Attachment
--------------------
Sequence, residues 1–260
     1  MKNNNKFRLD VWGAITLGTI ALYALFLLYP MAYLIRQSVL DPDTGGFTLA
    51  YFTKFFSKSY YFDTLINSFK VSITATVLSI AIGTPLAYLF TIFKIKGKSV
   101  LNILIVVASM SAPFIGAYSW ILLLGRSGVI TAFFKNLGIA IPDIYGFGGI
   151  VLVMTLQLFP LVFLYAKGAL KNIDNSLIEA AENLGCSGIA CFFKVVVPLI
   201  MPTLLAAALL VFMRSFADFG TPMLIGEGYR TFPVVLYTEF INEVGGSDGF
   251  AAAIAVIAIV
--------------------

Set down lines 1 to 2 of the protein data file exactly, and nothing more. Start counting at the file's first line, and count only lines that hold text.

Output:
Sequence, residues 1–260
     1  MKNNNKFRLD VWGAITLGTI ALYALFLLYP MAYLIRQSVL DPDTGGFTLA